While I certainly agree that not all traditional students are straight out of high school or have no previous college experience (I was planning to apply to the traditional program, myself), the general atmosphere of the traditional students at my school says otherwise. I hear them sitting in the back of the classroom bragging about how drunk they got last night. I hear them talking on their cell phones during lecture. I see them blatantly sleep through lecture material, or leave class while the instructor is lecturing. The blatant disregard for the instructors and the classes in general is frustrating to me as someone who does highly value my education.

Anyway, off the soapbox and back to the subject. All in all I wrote (well, am still writing) 6 papers in 10 weeks, ranging from 5-30 pages in length. Some of the papers I have written I have felt to be worthwhile, and others were just frustrating to spend time on. But honestly, this goes equally for my undergraduate and graduate classes, so I don't really feel it's busy work. It's just another way to assess your thinking without making you take a test. One of my graduate teachers said that she'd honestly rather make us take a midterm or a final exam but because they don't really do that in graduate school, she "had to" make us write papers. And so we did.

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279 Posts; 3,607 Profile Views

What makes you think that all traditional BSN students are freshmen straight out of h.s. that have never been to college before with lots of time? Many nursing students have been to college before. Many are not straight out of h.s. Many do not have lots of time. Many have jobs and families.

Didn't mean to step on your toes when I said this. What I mean is that the demographics at my school, and most schools for that matter, show that the majority of traditional BSN students are those that are in college for the first time, right out to of high school. Now like me, there are plenty of non-traditional students out there. However, if I walk into any traditional nursing class, it mostly made up of the freshmen, sophomores, juniors, and seniors that are in college for the first time, and haven't taken too much time off of school since graduating high school (ie: late teens to early twenty's age range.) There will still be a handful of non-traditionals in those classes, but they are a minority population, and those are not they people I'm talking about. It is the classes and teachers, not the students. Hope this helps clarify things.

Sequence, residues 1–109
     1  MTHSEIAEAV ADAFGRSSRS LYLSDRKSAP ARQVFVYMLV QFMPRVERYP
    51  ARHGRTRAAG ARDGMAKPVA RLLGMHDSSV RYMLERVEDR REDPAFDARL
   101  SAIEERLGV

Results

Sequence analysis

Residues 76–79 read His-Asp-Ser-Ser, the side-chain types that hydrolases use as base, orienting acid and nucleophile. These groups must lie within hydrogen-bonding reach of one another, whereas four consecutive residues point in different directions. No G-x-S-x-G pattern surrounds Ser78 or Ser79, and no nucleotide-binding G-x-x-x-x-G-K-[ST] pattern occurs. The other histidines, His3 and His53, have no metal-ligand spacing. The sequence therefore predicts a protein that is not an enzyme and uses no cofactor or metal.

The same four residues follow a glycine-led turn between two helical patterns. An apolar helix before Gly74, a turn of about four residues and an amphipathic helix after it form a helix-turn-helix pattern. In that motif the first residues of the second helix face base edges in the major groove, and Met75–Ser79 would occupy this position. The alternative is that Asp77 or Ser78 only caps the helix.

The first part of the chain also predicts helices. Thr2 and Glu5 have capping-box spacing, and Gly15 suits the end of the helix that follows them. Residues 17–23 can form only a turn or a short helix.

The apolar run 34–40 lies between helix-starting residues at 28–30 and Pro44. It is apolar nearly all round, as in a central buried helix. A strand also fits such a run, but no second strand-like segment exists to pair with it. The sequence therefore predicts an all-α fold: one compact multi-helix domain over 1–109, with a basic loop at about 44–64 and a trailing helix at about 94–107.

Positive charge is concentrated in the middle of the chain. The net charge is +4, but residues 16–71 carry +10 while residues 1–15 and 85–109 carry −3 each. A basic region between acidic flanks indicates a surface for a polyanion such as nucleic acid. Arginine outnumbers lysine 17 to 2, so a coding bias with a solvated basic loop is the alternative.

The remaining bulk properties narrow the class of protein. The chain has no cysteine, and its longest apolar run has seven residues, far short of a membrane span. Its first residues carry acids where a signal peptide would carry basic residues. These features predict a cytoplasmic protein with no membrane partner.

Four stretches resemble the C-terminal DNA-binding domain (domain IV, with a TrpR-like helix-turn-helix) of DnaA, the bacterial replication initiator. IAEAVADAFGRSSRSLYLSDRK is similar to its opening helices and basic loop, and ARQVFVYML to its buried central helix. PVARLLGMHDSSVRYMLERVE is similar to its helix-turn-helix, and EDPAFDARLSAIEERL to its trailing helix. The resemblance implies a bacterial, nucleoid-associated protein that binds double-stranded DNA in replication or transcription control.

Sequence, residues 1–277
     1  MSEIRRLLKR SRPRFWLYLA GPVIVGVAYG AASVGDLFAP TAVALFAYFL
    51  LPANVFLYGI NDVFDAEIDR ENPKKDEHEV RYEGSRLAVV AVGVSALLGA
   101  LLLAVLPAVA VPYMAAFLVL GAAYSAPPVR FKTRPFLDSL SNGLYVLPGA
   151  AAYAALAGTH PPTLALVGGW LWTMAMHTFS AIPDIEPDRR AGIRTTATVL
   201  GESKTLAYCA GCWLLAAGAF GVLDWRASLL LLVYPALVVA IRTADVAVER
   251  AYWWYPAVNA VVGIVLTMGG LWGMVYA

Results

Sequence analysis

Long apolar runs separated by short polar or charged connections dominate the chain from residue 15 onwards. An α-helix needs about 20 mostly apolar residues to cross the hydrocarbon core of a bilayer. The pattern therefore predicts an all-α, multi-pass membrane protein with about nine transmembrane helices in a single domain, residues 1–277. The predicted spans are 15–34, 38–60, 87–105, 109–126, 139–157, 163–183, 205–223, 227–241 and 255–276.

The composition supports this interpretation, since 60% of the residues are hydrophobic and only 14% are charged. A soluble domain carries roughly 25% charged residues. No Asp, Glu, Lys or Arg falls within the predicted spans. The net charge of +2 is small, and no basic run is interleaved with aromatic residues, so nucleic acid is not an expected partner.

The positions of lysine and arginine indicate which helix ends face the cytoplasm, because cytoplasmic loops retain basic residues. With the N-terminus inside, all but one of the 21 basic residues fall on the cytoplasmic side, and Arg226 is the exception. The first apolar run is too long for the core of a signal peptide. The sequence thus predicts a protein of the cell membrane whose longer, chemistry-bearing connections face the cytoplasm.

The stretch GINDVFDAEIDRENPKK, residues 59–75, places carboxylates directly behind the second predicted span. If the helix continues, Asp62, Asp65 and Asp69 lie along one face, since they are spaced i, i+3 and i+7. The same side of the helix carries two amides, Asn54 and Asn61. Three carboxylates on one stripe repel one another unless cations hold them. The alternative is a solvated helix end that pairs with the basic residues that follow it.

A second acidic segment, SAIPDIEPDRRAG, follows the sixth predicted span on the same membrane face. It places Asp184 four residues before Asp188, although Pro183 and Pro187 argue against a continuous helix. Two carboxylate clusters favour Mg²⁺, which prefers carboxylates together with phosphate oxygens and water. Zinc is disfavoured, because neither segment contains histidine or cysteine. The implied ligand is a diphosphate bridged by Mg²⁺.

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2,642 Posts; 14,946 Profile Views

Didn't mean to step on your toes when I said this. What I mean is that the demographics at my school, and most schools for that matter, show that the majority of traditional BSN students are those that are in college for the first time, right out to of high school. Now like me, there are plenty of non-traditional students out there. However, if I walk into any traditional nursing class, it mostly made up of the freshmen, sophomores, juniors, and seniors that are in college for the first time, and haven't taken too much time off of school since graduating high school (ie: late teens to early twenty's age range.) There will still be a handful of non-traditionals in those classes, but they are a minority population, and those are not they people I'm talking about. It is the classes and teachers, not the students. Hope this helps clarify things.

I'd be interested in seeing your source for the demographics of "most" schools.

Peace,

Cathie

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279 Posts; 3,607 Profile Views

I agree with this completely. Writing papers is by no means "busy work" and it's something that you'll be doing alot of if you decide to further your education.

I would take the classes as they are laid out and wouldn't make any waves on something that is that basic. Writing papers is simply, a part of college.

I totally agree that writing papers is a part of college, and getting practice at writing papers is needed. That is why schools require English, History, Psychology, Sociology, and a variety of other classes that teach you how to write. It is something that probably every ABSN student has already had to do many, many, many times. So do I feel that "busy writing" can be left out of our program, because it is something that all ABSN students have had to do for many years already? Absolutley!!!! And furthermore, if any ABSN student doesn't feel that he or she is capable of writing a paper, then they should NOT be enrolled in the ABSN program. That person needs to go back and take basic English and writing courses before doing an ABSN program.